we take a look at the reasons why addiction still carries such a large stigma and what we can do to end it.
By definition, stigma is “a mark of disgrace associated with a particular circumstance, quality, or person.” And the stigma of addiction is one of the biggest reasons why people suffering from addiction do not seek help.
many people around the world still believe that people with addiction are just in fact weak-willed, lazy, or that they simply don’t want to get better. But what about people with heart disease?
All of these are diseases that do not have a cure, but when they are caught in time, there are lifestyle changes or in some cases medicines that can allow these people to lead relatively normal lives for many years despite these diseases. So what makes addiction different in the eyes of society?
“Reasons” that Addiction is Still So Stigmatised
Apparently scientific proof isn’t enough to rid addiction of such deep set stigma, and here are a few reasons why, and how society needs to change in order to allow addicts the help they truly need.
For so many years, addicts were portrayed as lower class citizens. They were depicted in movies as staggering drunks, or people living on the streets. They were labeled ‘junkies’ or ‘druggies’.
But addiction doesn’t discriminate and even the highest Wall Street banker could be suffering as a high-functioning-addict behind his professional façade. When people realise that the old stereotype of an addict isn’t true, perhaps it will start to lessen some of the stigma.
2. Addicts do not proactively seek help
Addiction is a disease that disrupts the person’s ability to make logical decisions, meaning they often won’t seek help until they have experienced something life threatening, or have hit ‘rock bottom’ in another way. However, before the disease gets to take hold so deeply, some addicts know that they are slipping into the clutches of their substance, but are scared to ask for help in fear of being labeled a ‘junkie’ or a ‘druggie’.
The fear of the labels put on addicts can actually accelerate their addiction. Until society removes this stigma, more and more addicts will find themselves facing deadly consequences before asking for help.
3. Incorrect diagnosis and treatment
Most general practitioners are not well versed in the field of addiction, and even mental health practitioners have been known to turn away addicts seeking help for depression or other mental health issues ‘until they stop using’, blaming the drug for the disorders they are experiencing.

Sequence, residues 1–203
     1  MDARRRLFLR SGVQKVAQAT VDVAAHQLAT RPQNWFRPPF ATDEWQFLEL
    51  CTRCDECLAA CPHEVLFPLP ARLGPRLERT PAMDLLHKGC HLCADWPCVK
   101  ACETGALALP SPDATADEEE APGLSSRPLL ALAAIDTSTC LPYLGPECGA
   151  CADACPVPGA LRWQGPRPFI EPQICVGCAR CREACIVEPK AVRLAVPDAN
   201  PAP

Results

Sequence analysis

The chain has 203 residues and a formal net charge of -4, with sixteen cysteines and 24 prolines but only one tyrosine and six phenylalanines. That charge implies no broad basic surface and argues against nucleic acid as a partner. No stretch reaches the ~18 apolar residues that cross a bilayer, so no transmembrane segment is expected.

Alcohol and drugs can indeed cause bouts of sadness or depression, but the depression or other mental illness could also be the cause of the substance abuse. Dual-diagnosis is very common within the addiction community, and medical professionals need further education on how to properly diagnose and treat these problems.
4. Addicts get criminalized
Addicts who get caught with possession of a drug are sent to jail, but the drugs are indeed a part of their disease of addiction. A drug addict knows that heroin is illegal and that it is harming their health, but there is a part of the brain affected by the disease that can think of nothing else but getting that next fix.
And while many countries around the world are now trying to focus more on treatment and recovery than prison, there is still far more money being spent on prisons and ‘criminal justice’ than on recovery.
5. Negative reactions even after treatment
Unfortunately, even an addict who has been sober for more than 10 years can still face negative reactions from people when they find out about his/her addiction problems. People want to know ‘why don’t you drink?’ or try to encourage them to partake in various ‘party favours’.
If someone had lung cancer, would you encourage them to smoke a cigarette? Would you look down at them with disgust for getting lung cancer in the first place? Much of the general public doesn’t understand the disease, and therefore looks down upon it.
Addiction is a Disease
Until people can truly understand that addiction is not a choice, those suffering from addiction will continue to suffer in silence, and overdoses and deaths from drug or alcohol-related diseases will not cease.
And while it is wishful thinking to believe that tomorrow we will all just wake up and the stigma of addiction will be gone, there are some things we can do help alleviate the stigma faster.
Getting Rid of Addiction’s Stigma
1. Be proud of recovery
Ending the stigma can start in your own heart. Whether it’s yourself or a loved one that is in recovery, be proud of the challenges you or they have overcome.
Know that addiction cannot be helped, but that recovery is an on-going battle that non-addicts will never understand the difficulty of. Be proud of how far you (or your loved one) have come.
2. Spread the word
Addiction support groups have grown from 20 people in the basement of a church to 100,000+ people coming together from all over the world in online forums and networks. But don’t let the talking stop there. Support is indeed very helpful, but spreading the word to non-addiction communities is important too. The more that people know about the truth of addiction, the less they will stigmatise it.
3. Help others
If you or a loved one has been through addiction treatment, you will know the signs better than anyone else. Whether being a support for someone else in recovery, or helping an addict seek treatment, knowing that there is someone there for them could mean the difference between life or death to an addict.
If you’re unsure of how to help, talk to a professional.
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